Indian Accounting Standard (Ind AS 41)
(The Indian Accounting Standard includes paragraphs set in bold type and plain type, which have equal authority. Paragraphs in bold type indicate the main principles.)
The objective of this Standard is to prescribe the accounting treatment and disclosures related to agricultural activity.
1. This Standard shall be applied to account for the following when they relate to agricultural activity:
|(b)||agricultural produce at the point of harvest; and|
|(c)||government grants covered by paragraphs 34 and 35.|
2. This Standard does not apply to:
|(a)||land related to agricultural activity (see Ind AS 16 Property, Plant and Equipment and Ind AS 40 Investment Property);|
|(b)||bearer plants related to agricultural activity (see Ind AS 16). However, this Standard applies to the produce on those bearer plants.|
|(c)||government grants related to bearer plants (see Ind AS 20 Accounting for Government Grants and Disclosure of Government Assistance).|
|(d)||intangible assets related to agricultural activity (See Ind AS 38 Intangible Assets).|
3. This Standard is applied to agricultural produce, which is the harvested produce of the entity’s biological assets, at the point of harvest. Thereafter, Ind AS 2 Inventories or another applicable Standard is applied. Accordingly, this Standard does not deal with the processing of agricultural produce after harvest; for example, the processing of grapes into wine by a vintner who has grown the grapes. While such processing may be a logical and natural extension of agricultural activity, and the events taking place may bear some similarity to biological transformation, such processing is not included within the definition of agricultural activity in this Standard.
4. The table below provides examples of biological assets, agricultural produce, and products that are the result of processing after harvest:
|Biological assets||Agricultural produce||Products that are the result of processing after harvest|
|Trees in a timber plantation||Felled Trees||Logs, lumber|
|Pigs||Carcass||Sausages, cured hams|
|Cotton plants||Harvested cotton||Thread, clothing|
|Tobacco plants||Picked leaves||Cured tobacco|
|Tea bushes||Picked leaves||Tea|
|Grape vines||Picked grapes||Wine|
|Fruit trees||Picked fruit||Processed fruit|
|Oil palms||Picked fruit||Palm oil|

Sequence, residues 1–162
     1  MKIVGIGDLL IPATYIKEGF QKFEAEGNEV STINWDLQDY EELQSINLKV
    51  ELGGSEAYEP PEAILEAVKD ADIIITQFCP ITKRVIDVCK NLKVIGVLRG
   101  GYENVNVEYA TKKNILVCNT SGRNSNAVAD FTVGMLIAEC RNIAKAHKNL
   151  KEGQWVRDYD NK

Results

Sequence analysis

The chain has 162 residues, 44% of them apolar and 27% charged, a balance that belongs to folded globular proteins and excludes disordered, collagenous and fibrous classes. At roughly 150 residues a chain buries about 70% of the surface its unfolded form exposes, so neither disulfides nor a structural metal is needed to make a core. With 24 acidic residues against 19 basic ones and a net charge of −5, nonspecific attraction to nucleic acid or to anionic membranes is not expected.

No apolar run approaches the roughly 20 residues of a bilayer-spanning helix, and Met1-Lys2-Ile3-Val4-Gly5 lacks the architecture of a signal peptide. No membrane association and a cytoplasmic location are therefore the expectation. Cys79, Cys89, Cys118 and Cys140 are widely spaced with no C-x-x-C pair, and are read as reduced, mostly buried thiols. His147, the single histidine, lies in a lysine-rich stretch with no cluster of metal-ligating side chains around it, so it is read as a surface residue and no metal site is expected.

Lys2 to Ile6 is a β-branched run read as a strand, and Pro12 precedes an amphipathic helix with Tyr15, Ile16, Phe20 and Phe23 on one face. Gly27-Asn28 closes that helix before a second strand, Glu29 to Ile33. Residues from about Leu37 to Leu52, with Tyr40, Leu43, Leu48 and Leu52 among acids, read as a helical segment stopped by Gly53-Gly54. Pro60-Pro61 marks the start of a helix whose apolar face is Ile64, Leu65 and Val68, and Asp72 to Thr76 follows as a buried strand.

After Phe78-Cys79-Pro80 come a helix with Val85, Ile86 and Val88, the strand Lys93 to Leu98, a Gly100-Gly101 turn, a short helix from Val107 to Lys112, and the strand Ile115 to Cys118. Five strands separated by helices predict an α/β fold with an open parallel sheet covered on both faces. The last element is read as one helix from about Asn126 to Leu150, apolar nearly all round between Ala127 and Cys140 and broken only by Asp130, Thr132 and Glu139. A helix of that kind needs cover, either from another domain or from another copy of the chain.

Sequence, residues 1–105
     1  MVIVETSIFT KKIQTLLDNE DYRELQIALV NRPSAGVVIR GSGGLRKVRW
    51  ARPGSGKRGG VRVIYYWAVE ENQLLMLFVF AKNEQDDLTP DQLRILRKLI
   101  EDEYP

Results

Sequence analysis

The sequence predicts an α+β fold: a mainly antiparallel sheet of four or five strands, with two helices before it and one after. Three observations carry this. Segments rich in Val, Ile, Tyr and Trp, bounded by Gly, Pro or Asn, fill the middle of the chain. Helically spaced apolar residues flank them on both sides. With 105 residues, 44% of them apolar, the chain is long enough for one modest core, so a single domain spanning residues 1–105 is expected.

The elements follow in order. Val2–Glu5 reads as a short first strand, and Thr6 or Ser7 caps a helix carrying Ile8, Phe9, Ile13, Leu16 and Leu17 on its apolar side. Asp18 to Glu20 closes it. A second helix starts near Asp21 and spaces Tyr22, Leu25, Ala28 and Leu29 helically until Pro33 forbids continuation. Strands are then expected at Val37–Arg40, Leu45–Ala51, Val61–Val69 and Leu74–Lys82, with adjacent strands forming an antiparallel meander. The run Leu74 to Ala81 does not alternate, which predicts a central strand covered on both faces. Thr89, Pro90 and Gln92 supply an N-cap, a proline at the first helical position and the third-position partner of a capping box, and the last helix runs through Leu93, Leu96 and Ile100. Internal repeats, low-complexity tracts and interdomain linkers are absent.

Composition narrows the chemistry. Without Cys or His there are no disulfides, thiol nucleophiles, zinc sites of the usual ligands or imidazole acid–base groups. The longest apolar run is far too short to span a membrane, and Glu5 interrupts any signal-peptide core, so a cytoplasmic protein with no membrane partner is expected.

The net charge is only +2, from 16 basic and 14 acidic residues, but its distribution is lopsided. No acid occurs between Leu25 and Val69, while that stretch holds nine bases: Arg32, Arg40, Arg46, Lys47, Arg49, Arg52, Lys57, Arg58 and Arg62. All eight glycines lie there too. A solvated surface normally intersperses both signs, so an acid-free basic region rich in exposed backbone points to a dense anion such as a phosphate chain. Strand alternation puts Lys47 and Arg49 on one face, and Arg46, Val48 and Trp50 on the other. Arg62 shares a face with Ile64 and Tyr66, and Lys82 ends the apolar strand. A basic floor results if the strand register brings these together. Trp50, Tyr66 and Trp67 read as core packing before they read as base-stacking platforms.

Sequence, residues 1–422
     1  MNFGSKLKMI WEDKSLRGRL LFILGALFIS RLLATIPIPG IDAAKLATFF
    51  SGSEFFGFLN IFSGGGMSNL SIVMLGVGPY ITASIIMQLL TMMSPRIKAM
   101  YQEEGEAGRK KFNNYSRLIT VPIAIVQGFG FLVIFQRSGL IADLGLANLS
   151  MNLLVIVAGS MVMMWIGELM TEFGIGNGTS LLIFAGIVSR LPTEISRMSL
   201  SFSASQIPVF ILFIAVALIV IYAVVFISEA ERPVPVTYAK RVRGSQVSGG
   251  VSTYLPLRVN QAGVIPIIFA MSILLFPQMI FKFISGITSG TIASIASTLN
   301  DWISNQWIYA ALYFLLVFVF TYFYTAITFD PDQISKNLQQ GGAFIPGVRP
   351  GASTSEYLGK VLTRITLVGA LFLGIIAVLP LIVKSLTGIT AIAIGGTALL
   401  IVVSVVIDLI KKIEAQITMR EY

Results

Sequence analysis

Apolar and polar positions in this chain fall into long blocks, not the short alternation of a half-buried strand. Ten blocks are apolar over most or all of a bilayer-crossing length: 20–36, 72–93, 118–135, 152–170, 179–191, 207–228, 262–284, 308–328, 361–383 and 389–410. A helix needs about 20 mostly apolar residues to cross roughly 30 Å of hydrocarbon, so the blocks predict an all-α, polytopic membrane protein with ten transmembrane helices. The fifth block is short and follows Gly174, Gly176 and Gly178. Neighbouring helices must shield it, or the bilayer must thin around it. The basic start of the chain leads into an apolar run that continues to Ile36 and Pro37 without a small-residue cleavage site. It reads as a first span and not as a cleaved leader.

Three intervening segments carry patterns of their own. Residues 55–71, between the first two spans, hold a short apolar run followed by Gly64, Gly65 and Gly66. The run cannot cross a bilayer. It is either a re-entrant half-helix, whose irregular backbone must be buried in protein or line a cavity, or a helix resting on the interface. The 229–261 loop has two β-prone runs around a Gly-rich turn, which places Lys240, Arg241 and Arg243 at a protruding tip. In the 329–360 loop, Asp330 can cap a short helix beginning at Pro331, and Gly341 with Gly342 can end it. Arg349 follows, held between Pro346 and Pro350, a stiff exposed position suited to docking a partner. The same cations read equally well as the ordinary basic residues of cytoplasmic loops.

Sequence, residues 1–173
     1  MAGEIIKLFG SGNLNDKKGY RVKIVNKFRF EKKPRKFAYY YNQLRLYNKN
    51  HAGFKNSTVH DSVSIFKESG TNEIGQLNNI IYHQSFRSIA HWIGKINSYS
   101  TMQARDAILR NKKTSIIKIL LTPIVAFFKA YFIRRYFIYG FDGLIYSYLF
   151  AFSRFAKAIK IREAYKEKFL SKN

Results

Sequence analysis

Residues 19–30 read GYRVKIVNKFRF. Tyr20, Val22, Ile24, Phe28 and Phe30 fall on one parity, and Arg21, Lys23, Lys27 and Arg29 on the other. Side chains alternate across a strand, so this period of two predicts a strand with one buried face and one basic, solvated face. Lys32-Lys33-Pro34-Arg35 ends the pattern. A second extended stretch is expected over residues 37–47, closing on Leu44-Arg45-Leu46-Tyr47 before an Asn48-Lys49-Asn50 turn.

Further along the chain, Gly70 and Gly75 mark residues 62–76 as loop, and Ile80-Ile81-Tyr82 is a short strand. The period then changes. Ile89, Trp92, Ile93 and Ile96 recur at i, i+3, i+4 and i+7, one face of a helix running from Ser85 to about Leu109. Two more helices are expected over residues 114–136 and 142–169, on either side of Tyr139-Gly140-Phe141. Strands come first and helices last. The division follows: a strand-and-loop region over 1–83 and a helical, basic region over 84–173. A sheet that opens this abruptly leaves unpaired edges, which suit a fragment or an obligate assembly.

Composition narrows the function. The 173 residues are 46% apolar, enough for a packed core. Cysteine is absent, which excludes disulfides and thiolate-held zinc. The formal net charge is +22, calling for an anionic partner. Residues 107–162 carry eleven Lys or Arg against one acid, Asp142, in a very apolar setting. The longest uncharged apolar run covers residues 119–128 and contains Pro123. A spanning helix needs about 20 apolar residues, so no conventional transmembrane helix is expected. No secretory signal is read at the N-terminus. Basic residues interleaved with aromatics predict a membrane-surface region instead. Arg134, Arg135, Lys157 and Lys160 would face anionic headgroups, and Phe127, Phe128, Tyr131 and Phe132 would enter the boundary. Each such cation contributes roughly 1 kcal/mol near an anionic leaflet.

|Rubber trees||Harvested latex||Rubber products|
|Some plants, for example, tea bushes, grape vines, oil palms and rubber trees, usually meet the definition of a bearer plant and are within the scope of Ind AS 16. However, the produce growing on bearer plants, for example, tea leaves, grapes, oil palm fruit and latex, is within the scope of Ind AS 41.|
5. The following terms are used in this Standard with the meanings specified:
Agricultural activity is the management by an entity of the biological transformation and harvest of biological assets for sale or for conversion into agricultural produce or into additional biological assets.
Agricultural produce is the harvested product of the entity’s biological assets.
A bearer plant is a living plant that:
|(a)||is used in the production or supply of agricultural produce;|
|(b)||is expected to bear produce for more than one period; and|
|(c)||has a remote likelihood of being sold as agricultural produce, except for incidental scrap sales.|
A biological asset is a living animal or plant.
Biological transformation comprises the processes of growth, degeneration, production, and procreation that cause qualitative or quantitative changes in a biological asset.
Costs to sell are the incremental costs directly attributable to the disposal of an asset, excluding finance costs and income taxes.
A group of biological assets is an aggregation of similar living animals or plants. Harvest is the detachment of produce from a biological asset or the cessation of a biological asset’s life processes.
5A. The following are not bearer plants:
|(a)||plants cultivated to be harvested as agricultural produce (for example, trees grown for use as lumber);|
|(b)||plants cultivated to produce agricultural produce when there is more than a remote likelihood that the entity will also harvest and sell the plant as agricultural produce, other than as incidental scrap sales (for example, trees that are cultivated both for their fruit and their lumber); and|
|(c)||annual crops (for example, maize and wheat).|